Soybean sari, anyone?

A creation by Varnuyathe  

Bananas, pineapples, aloe vera and milk — it sounds like your grocery list, but it’s what the fabric of the future seems to be made of. From stiff jackets fashioned from kenaf to flowy anarkalis stitched from milk protein yarn, if you’re looking to go back to the organic way of life, you can adapt your wardrobe to suit your lifestyle. These three brands have worked with these unusual materials, blending them with organic silk and cotton to create a range of clothes that are as easy on the earth as they are on your eyes.

Varnuyathe, Chennai

For Menaka Bapuji, it wasn’t her time at NIFT that sparked an interest in natural fabrics. It was the years she spent working as a naturalist and photographer at a wildlife resort in Satpura, Madhya Pradesh. It motivated her to think about the natural resources consumed, and the toxic waste generated in traditional fabric manufacturing.

A creation by Varnuyathe

A creation by Varnuyathe  


After returning to Chennai, a chance encounter with fabric at her father’s knitwear company got her started. Inspired to find a process that consumed less water and electricity, and released less harmful oxides, Bapuji also started working with natural dyes.

At Bapuji’s studio, Varnuyathe, she works with fabrics that are a combination of cotton or silk, with fibres made of hemp, kenaf (a kind of spinach), aloe vera and even beechwood.

How different are these fabrics from a regular cotton or silk? “Each variant has its own nature,” says Bapuji. “While hemp woven with cotton or silk is softer and falls better (suited to making an evening dress), kenaf-woven fabric has a firmer texture that lends itself better to daily wear, while the material made with aloe vera has a feel and weight that’s reminiscent of raw silk.”

Bapuji says, personally, she prefers the ethnic and Indo-western styles that lend themselves to simple cuts and some additional trim.

Varnuyathe retails out of their studio in Anna Nagar, Chennai. Details: 9884317823

Ritu Kumar, New Delhi

Kumar takes her signature earthy tones to another level in her new collection of saris that feature a mix of cotton and viscose, blended with banana and soybean yarn.

“We were looking for mixes of fabrics to introduce a more organic collection to the line, and during our testing, the banana and soybean fibres were the ones that came out most beautifully. It worked for the line of saris we were looking to create, which were not too in-your-face, like the handloom saris from the old days,” she elaborates.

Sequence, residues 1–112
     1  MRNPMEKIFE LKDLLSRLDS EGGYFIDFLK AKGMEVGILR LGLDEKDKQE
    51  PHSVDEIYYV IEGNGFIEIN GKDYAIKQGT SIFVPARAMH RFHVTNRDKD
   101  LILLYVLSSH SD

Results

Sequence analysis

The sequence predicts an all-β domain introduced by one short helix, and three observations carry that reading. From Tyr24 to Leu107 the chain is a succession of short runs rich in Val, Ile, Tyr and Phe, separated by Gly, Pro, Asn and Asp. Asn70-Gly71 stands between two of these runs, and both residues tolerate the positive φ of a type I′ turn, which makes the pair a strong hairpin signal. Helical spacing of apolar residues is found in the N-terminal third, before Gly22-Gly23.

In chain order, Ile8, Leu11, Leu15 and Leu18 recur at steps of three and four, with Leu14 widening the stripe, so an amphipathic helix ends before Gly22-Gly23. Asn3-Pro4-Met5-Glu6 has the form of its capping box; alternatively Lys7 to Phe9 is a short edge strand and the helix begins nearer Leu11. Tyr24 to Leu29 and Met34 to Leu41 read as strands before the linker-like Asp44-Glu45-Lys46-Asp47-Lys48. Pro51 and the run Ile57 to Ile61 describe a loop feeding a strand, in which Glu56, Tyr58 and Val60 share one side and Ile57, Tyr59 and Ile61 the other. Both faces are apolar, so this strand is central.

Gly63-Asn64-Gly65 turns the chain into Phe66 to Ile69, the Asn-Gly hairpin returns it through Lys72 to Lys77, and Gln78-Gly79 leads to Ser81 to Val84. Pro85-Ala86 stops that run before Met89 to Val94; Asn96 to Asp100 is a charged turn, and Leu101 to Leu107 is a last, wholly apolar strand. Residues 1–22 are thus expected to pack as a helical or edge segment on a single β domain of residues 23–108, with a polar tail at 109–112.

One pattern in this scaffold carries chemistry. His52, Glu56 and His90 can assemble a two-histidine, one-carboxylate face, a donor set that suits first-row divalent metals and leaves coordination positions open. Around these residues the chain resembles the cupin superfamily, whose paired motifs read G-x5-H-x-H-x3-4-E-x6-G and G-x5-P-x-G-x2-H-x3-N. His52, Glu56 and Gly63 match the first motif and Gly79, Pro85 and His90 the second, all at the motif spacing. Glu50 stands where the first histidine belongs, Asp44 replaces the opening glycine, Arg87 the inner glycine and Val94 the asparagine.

A creation by Ritu Kumar

A creation by Ritu Kumar  


While the low carbon footprint of the manufacturing process has been the highlight for Kumar, there is also the fact that the soy and banana blends are perfect for saris. “I find the fabric to be very natural, great for draping, as they cling beautifully.” The designer, who has been working with natural pigments for over 35 years, adds, “These fabrics take to colour beautifully.”

Taking advantage of the special effect of dyes on them, she has used traditional art like shibori, Madras checks and kantha work. “The reason we worked with traditional art is because it works well with the fabric itself.... polka dots wouldn’t have looked as nice as the Chidambaram sari checks in their bright colours that we have now!” she laughs.

Kumar says her aim is to create an organic look that will appeal to their younger clientèle, the ones who wear saris a little differently. Replacing the petticoat with dhoti trousers, for those who like to experiment with draping, this fabric is versatile enough.

This collection of saris from Ritu Kumar is available at

Bhu:sattva, Ahmedabad

Jainam Kumarpal started bhu:sattva about seven years ago, when he realised that there weren’t many players in the organic fashion market, and not enough awareness either. “I did some research and met NGOs working with farmers,” says Kumarpal. He has since tied up with these farmers who produce raw organic cotton and promises them a 100% buy back guarantee. Not surprisingly, about 70% of bhu:sattva’s designs are exported to about 17 countries abroad.

A creation of Bhu:sattva

A creation of Bhu:sattva  


Then, in 2015, he realised India has had a large history of using natural fibres like banana and soy, but that no one was utilising these traditions. He decided to blend these with the raw cotton yarn his weaves were already using, and the results were a hit. Now the company has 45 designers working with fabrics that range from hemp and bamboo blends to the more exotic milk protein, aloe vera and pineapple fibre.

Milk protein fibre is a regenerative manmade fibre, which is blended with cotton or silk to create a material with a distinct cashmere-like feel. “It looks lustrous like silk and has an inherent flow that makes it great for anarkalis, skirts and maxi dresses,” says Kumarpal. It keeps you warm in the winter and cool in summer, he says. It’s the same with aloe vera, where the fabric isn’t as smooth as milk protein, but is as good for the skin.

Bhu:sattva retails at Amethyst in Chennai and Collage stores in South India

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Printable version | Apr 20, 2021 3:02:11 AM |

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